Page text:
2017 Castlemaine State Festival
The Journey was the underlying theme for the 2017 Castlemaine State Festival reflecting both the local and international works offered in this year’s program, and the ongoing cultural evolution of this remarkable community.
The Castlemaine State Festival began in 1976 and is held once every two years. It has grown to become one of Australia’s leading regional arts festivals. Community groups, school students, volunteers and artists come from all over the Mount Alexander region to put the festival together.
Many organisations in the community participate; schools, sporting groups, the local aged care facility, manufacturing and agricultural workers, street rod enthusiasts, musicians, designers, gardeners, heritage specialists, and the myriad of visual artists and artisans who live and work in the district.
The program encompasses visual arts, music, theatre, opera, and dance and has been a major contributor in connecting people and developing enterprise within the regional community.
The festival ran from 17-26 March and thousands of locals and visitors stream happily into town in anticipation of great entertainment, culture and art events kicking off with a spectacular opening night at the old Goods Shed. We were taken on a stunning steam punk themed journey to ‘The Future of Things Past’ featuring dance, song, carnivalesque, audio-visual and musical performances by acrobats, dancers, robots, beat boxers and brass bands.
Local creative producer, international performer and the man responsible for the opening night extravaganza, Sam Thomas, and family featured among the central characters of the dramatic performance celebrating the town’s history and its vibrant arts culture. Well-rehearsed school children of all ages powerfully strutted their stuff cos they’d ‘had enough’ of unstoppable technology much to the delight of their families and friends who unashamedly used their mobiles to take photos and record the action.
On the journey with me were Queenscliff’s Rosemary and Bill Brown and local artist PJ and Rose Ott who were there for the opening of John Nixon’s art exhibition at the Castlemaine Gallery. Between us we attended free and ticketed events of all kinds. The only drawback was that we weren’t there long enough and in 2019 we have pledged to stay longer.
The streets were vibrant with art and activity, halls and open spaces hosted art and picnics and there were spaces for children to create art or just play. The Theatre Royal hosted Filipino Films and a New Zealand Balkan Gypsy Brass band Niko Ne Zna had us up dancing to their exotic tunes. The Old Gaol was the perfect venue for Philippines based performance artist Carlos Celdran who took us on a tour of his home city, Manila. I was in Manila 2 years ago and joined him on a walking tour at Intramuros showcasing Philippine history, society, arts and culture that was a revelation as well as an entertainment.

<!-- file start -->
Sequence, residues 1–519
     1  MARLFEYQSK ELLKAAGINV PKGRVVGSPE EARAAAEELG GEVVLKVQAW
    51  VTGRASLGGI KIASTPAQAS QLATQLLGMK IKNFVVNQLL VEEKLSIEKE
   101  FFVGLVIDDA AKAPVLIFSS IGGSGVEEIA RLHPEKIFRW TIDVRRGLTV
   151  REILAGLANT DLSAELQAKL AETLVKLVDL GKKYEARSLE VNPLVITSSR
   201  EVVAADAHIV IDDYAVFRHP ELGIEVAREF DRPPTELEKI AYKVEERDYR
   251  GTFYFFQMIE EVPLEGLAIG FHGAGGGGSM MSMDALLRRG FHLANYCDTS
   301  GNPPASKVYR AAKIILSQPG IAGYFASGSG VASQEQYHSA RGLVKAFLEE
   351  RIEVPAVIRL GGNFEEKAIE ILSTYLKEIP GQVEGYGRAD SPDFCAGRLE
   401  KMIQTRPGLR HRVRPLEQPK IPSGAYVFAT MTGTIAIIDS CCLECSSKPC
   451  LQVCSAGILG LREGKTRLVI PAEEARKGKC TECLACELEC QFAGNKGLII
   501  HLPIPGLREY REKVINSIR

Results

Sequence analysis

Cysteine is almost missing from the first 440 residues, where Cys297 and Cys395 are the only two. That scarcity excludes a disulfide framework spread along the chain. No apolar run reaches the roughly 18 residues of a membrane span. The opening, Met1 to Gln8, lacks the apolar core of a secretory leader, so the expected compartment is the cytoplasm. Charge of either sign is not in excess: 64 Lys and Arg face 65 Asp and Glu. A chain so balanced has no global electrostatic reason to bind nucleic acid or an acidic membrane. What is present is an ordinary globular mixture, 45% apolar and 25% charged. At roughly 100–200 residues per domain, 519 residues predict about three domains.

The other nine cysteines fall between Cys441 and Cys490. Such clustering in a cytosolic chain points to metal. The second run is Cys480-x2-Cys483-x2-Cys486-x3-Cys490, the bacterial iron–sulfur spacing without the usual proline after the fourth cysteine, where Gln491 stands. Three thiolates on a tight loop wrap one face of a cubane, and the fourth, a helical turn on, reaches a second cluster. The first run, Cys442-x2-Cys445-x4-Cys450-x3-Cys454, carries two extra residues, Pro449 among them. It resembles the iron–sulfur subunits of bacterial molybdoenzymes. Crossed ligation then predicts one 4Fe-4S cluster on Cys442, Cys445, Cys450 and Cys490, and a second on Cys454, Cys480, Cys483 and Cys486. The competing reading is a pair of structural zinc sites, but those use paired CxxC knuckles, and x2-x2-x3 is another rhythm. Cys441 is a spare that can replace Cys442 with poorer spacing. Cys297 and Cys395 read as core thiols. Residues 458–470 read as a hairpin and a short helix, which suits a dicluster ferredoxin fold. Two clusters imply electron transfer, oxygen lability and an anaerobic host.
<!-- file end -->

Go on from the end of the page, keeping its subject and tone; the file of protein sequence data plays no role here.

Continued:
The town hall thumped as the concert ‘Ulumbarra’ told the story of the Dja Dja Wurrung people of central Victoria; stories and music of Aboriginal astronomy, the Gold Rush, the missions, Dreamtime stories and more.
Rosemary and Bill attended the recital by the 2016 Mietta Song Competition winners, Sydney soprano Laura King and pianist Jonathan Wilson, where Laura established a warm rapport with her audience demonstrating the fine acoustics of the Uniting Church with her powerful voice.
The Mietta Song Competition for classical singers and accompanying pianists was founded in1995 at Mietta’s Restaurant in Fitzroy to foster the partnership of voice and piano. It honours the memory of Mietta O’Donnell (1951-2001) and is held biennially. Can we hope to hear such a concert in Queenscliff restating our connection with the Queenscliff Hotel?
While Castlemaine is familiar with its own band, the Thompson’s Foundry Band, it is unfamiliar with the interior of the huge factory which spawned it. What a remarkable setting for the concert set amidst the heavy machinery of Vossloh Cogifer Steel, makers of railway lines. Thompson’s Foundry is a landmark in Castlemaine and since 1875 a significant contributor to the economy of the town undertaking works for the Victorian Railways and the Snowy-Hydro Scheme. Through the huge open doors of the factory the Castlemaine-Bendigo train was seen whistling past on steel lines made in the factory.
Tales from Trove – a booked out session in Castlemaine Library hosted by Robyn Annear, a Castlemaine based historian and author of much loved book, Bearbrass: Imagining Early Melbourne. On the recommendation of Ms Annear the audience was encouraged to explore Trove, the National Library of Australia website providing access to old newspapers. With more than 1,000 newspapers digitalized and 15 million photographs on line and discoverable using search terms, you too can bring local history to life.
In conjunction with the festival was the Castlemaine Fringe Fest, an alternative arts event run by the local arts community from around the region with mostly free entry or a small donation.
It’s people like this, and festivals like this, that I love. They welcome you to their town where they’ve preened and prepared for your visit just so we can have a good time – thank you!